Seven minutes in stroke - Tomohiro Kawano

Dr. Tomohiro Kawano, is from the
Department of Neurology, Osaka University Graduate School of Medicine

1. What inspired you towards neuroscience?

When I was a medical student my interest in neuroscience was sparked by Professor Mitsuhiro Osame, from Kagoshima University, Japan. He is not only a great scientist and clinician but also remarkable educator. He often encouraged us by saying “In neurological diseases, there are often some limitations for treatment even after definitive diagnosis. Thereafter, there are so many things to elucidate. Neurologist never give up.” 

2. Why stroke?

When I trained as a resident, I was very impressed by successful Intravenous thrombolysis in patients with acute stroke. On the other hand, I was so discouraged by neurological worsening during hospitalization or insufficient functional recovery in stroke survivors. Based on these experiences, I made up my mind to eradicate stroke!

3. What have been the highs so far?

Dramatic recovery following successful recanalization of occluded artery always makes me happy. These days, I am working on basic research in PhD course Osaka University in Japan. When I obtained good experimental results as expected, I feel great.

4. What have been the lows?

There are two cases: in one case, experiments do not work well. In another case, paper is rejected. 

5.How do you balance work life with the needs of home life?

I think it is probably difficult for many physicians to maintain a work-life balance besides clinical work. I always try to complete work during the daytime as much as possible. However, I often go back to the lab to put myself to complete unfinished work until midnight after my children fall asleep.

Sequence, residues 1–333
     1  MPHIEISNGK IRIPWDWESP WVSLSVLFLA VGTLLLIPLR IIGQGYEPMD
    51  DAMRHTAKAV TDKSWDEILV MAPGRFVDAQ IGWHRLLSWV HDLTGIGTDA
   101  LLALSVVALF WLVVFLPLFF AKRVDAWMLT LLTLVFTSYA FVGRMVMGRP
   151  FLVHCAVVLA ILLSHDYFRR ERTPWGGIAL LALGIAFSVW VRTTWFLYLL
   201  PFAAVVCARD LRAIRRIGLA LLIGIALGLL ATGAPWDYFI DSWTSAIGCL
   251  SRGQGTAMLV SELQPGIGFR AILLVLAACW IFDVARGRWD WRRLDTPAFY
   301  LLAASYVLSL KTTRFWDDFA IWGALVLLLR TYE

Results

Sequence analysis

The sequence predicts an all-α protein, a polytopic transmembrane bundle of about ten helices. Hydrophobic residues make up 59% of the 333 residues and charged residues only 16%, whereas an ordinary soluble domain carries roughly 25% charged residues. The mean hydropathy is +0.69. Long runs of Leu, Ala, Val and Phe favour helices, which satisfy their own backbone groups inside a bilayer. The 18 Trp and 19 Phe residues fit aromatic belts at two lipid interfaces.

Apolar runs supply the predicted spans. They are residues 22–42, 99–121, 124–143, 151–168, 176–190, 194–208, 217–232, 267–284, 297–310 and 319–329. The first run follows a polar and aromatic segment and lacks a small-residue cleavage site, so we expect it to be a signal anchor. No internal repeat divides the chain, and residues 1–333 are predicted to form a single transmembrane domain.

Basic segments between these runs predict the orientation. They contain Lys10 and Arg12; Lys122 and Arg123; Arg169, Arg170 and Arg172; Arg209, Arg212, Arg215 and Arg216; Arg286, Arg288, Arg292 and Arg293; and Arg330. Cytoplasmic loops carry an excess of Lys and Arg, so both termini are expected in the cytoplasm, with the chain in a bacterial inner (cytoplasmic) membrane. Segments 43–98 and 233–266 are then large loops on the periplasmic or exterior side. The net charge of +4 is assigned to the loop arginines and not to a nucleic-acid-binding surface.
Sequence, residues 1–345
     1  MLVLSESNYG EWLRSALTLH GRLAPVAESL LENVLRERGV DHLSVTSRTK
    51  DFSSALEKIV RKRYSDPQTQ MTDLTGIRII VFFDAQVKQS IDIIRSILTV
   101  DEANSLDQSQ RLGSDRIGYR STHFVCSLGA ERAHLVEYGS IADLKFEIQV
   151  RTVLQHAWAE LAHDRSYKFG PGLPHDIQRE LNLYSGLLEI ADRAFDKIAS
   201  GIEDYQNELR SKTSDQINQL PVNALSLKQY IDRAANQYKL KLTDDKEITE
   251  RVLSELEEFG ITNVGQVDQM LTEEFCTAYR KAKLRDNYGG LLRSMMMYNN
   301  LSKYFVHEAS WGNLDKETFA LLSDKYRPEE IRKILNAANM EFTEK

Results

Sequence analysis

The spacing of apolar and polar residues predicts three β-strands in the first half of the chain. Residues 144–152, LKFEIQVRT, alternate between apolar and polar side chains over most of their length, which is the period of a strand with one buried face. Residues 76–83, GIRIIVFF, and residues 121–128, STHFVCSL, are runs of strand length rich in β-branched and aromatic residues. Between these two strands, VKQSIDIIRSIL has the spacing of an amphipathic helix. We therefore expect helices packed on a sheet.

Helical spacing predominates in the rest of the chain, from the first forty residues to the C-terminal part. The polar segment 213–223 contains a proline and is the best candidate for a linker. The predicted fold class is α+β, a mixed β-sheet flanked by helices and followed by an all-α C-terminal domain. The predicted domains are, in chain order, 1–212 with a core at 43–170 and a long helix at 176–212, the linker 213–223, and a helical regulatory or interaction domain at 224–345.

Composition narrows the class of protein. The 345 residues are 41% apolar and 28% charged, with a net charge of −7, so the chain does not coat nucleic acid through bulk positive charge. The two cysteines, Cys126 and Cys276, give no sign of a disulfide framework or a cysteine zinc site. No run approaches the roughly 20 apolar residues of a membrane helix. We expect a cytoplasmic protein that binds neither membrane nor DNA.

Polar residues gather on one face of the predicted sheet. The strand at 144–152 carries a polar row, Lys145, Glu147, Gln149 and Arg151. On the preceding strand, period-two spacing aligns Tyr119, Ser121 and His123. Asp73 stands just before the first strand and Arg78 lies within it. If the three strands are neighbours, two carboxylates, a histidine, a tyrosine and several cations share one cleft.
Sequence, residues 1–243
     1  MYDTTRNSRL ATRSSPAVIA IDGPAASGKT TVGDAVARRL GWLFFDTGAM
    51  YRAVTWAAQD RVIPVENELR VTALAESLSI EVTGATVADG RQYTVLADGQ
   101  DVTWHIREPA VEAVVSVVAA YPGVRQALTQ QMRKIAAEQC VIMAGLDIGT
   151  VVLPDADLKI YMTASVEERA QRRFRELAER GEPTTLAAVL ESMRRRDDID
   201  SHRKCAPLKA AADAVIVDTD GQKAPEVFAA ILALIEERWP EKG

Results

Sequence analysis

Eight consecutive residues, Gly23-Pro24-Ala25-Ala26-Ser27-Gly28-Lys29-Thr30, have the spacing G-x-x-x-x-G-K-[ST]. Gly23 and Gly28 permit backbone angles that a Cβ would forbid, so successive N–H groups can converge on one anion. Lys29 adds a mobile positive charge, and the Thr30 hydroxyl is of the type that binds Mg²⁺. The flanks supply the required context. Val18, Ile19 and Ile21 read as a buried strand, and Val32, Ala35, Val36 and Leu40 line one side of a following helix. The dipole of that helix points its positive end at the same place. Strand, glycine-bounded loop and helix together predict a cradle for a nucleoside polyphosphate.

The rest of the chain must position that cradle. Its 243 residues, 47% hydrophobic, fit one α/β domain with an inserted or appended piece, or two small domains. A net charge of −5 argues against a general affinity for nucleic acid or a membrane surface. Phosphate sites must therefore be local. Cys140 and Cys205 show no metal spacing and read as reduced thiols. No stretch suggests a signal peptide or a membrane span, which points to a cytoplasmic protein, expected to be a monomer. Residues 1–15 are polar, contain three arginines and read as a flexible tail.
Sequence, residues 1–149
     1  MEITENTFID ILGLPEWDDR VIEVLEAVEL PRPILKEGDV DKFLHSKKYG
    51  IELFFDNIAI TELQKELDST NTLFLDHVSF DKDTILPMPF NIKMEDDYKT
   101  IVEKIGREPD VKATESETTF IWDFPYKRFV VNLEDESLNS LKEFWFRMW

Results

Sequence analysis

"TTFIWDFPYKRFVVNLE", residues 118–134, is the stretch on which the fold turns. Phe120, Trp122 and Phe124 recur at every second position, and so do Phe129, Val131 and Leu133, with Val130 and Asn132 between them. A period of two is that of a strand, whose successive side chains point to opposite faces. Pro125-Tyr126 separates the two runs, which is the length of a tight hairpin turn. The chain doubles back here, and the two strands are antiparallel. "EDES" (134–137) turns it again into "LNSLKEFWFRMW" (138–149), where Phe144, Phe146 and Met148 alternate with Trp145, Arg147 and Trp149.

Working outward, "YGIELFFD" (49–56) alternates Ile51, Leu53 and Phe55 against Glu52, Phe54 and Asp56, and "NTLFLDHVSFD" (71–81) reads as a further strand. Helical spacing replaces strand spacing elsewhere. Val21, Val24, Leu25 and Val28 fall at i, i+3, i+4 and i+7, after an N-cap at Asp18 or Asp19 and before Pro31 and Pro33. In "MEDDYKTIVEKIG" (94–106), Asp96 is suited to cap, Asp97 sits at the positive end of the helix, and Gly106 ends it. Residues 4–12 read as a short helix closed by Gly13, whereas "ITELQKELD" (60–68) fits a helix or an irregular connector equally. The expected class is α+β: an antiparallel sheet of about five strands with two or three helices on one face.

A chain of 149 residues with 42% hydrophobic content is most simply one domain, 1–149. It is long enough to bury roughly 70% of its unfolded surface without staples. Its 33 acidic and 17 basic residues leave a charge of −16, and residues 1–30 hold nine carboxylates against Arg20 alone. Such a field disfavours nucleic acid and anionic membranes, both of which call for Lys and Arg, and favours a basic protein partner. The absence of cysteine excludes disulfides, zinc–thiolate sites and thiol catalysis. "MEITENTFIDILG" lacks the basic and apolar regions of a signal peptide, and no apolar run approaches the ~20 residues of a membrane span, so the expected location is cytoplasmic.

6. Who are your most important mentors and how did you find them?

I am very lucky to have met good mentors in my professional life. Among them, Dr Munehisa Shimamura, associate professor in Osaka University, is not only a supervisor of my PhD course, but also the most important mentor. He works incredibly hard and shows me what the physician-scientist should be.

7. What are your most important collaborations and how have you built them?

Working in National Cerebral and Cardiovascular Center, located in Osaka, Japan, gave me a good network among vascular neurologist who came from all over Japan. Thanks to this network with my colleagues, I could publish a paper in Int J Stroke [https://doi.org/10.1177/1747493016677982].


Currently, I have had the pleasure to collaborate with many excellent clinicians and scientists in Osaka University. Our recent research project is development of antithrombotic vaccine for prevention of ischemic stroke in mice toward clinical applications. We hope to provide this unique vaccination as a more effective treatment on the clinical scene in the future.


Seven minutes in stroke - Tomohiro Kawano Reviewed by Carmen Lahiff-Jenkins on Wednesday, March 28, 2018 Rating: 5

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